Let's reconsider the previous example. A tester who needs to verify compatibility of a new application against multiple Microsoft Office versions and their service packs can create a snapshot of the brand new operating system. After installing Office 2003 over this snapshot, the QA engineer will be able to set the new starting point on the snapshot the engineer took after installing the fresh OS.
At this point, the engineer will be able to invoke a new snapshot for both branches before installing Service Pack 2 on Office 2003 and Service Pack 1 on Office 2000.
Our application can be tested against all these environments while the Snapshot Manager makes it easy to create and discard snapshots and linked clones.
VMware Workstation features such as snapshots and linked clones not only drastically reduce the time needed to prepare a new development or testing environment, but they also address the problem of unavailable physical resources. QA engineers don't need a new machine for every single environment to test; they just need enough disk space to contain several branches of snapshots and clones.
Another one of the important VMware Workstation features is Teaming, which is useful both in the software development process and testing.
Teaming allows you to logically link together multiple virtual machines and launch them at the same time. It also allows users to create virtual connections between the virtual machines with simulated speeds. So, for example, a software engineer developing a multi-tier application can control how code performs when used on a modem or a broadband connection. A usability tester can verify how much bandwidth is needed for a networked application to run without providing a bad user experience.
VMware's ability to share virtual machines between different products is hugely helpful to the software development process. This not only permits developers to move without modifications and show their work to other teammates or product managers, but it also allows them to port applications to other virtualization facilities, where the code will be tested or even put in production.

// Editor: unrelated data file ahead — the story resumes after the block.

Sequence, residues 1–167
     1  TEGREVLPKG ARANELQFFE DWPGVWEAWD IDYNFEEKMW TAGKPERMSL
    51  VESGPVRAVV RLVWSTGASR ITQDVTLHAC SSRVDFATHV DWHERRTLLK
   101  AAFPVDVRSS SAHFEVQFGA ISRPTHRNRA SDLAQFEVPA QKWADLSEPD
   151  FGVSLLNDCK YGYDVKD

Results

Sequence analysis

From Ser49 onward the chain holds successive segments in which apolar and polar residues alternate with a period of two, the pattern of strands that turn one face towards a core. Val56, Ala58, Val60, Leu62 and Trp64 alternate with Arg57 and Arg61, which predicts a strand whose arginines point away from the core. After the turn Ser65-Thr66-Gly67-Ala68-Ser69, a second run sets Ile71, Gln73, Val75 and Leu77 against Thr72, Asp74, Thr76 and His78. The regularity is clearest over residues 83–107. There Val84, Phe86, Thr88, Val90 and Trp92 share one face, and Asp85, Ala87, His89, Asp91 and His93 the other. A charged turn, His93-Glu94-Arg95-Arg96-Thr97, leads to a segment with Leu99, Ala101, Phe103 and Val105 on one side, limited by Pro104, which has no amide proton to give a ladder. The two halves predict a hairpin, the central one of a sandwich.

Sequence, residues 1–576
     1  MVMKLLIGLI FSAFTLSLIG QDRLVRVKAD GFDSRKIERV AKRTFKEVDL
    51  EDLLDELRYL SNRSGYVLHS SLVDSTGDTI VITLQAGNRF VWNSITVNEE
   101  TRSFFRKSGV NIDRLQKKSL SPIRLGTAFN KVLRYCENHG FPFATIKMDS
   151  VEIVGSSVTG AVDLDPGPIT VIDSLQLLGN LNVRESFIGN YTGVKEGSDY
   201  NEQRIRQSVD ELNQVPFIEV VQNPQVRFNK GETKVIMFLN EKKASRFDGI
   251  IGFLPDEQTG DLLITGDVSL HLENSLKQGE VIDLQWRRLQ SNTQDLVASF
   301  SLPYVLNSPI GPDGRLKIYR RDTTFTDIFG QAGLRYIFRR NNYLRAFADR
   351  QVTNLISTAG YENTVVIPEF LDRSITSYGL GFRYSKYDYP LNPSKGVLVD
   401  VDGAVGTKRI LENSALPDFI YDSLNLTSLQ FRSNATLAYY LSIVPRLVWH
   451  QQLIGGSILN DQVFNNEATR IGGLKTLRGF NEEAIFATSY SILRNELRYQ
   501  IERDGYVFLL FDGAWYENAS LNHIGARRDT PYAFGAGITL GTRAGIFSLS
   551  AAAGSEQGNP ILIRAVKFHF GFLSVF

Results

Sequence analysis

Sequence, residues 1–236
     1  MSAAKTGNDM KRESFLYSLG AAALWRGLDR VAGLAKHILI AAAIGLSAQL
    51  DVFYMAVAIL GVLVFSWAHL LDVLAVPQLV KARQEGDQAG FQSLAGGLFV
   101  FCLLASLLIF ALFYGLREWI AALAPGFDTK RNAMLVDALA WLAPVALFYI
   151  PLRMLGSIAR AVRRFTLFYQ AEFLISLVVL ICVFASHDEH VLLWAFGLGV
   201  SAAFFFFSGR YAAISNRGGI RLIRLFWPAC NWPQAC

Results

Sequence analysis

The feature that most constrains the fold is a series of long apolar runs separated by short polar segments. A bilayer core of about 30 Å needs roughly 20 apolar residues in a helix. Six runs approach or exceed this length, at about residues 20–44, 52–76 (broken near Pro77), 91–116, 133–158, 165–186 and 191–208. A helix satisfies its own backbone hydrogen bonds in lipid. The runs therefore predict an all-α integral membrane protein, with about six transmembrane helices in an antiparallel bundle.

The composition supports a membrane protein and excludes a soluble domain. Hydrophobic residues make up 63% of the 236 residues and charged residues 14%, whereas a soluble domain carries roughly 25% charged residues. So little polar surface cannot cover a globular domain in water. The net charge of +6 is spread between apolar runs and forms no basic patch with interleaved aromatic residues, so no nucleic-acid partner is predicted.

So, as simply as copying a folder, the virtual machine containing the new software can be moved from Workstation to Server, VMware's free enterprise virtualization product. There, the software can be tested for compatibility and usability, and its performance can be verified against stress tests.
After the QA phase, the same virtual machine can be moved again into ESX Server, the VMware product aimed at data center deployment, where it will be put in production.
Whenever a problem appears, the virtual machine can be moved back and forth among these platforms for patching errors or testing new configurations. And if a customer wants an onsite demonstration of the new product, the same virtual machine can be moved once again, put in VMware Player (the VMware free virtualization product for desktops) and distributed to sales managers worldwide.
Automation to come
The migrations we have discussed so far are done manually. In the near future, VMware will provide automation for them with a new product called Lab Manager, which will be launched in beta in October.
The product, formerly called Slingshot (and obtained when VMware acquired Akimbi in June 2006), will also offer in future releases the capability to provide software lifecycle automation for the competing platform, Microsoft Virtual Server.
This will greatly simplify control and optimization of software production phases in the software development process at big companies, wherein multiple departments adopt different development tools but need to leverage virtual machines images in mandatory testing and production virtual infrastructures.
VMware is also expected to introduce new improved tools for easing the development phase in the upcoming Workstation 6.0, which will be presented at VMworld 2006 in November.
Reducing software development problems with virtualization
Using virtualization for software development environments
Continuous integration can ease software development problems
The benefits of cloud computing for software development